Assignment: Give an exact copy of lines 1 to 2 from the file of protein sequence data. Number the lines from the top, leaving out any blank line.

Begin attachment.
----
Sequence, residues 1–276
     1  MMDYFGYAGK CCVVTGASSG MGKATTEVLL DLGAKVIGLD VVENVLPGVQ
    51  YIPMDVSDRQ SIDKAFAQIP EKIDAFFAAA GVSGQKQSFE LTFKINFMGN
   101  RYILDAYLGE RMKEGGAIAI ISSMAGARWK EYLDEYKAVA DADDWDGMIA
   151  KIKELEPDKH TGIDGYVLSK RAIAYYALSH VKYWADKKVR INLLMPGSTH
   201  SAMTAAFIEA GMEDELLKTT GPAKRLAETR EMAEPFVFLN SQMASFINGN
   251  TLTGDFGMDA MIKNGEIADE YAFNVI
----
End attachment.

Sequence, residues 1–276
     1  MMDYFGYAGK CCVVTGASSG MGKATTEVLL DLGAKVIGLD VVENVLPGVQ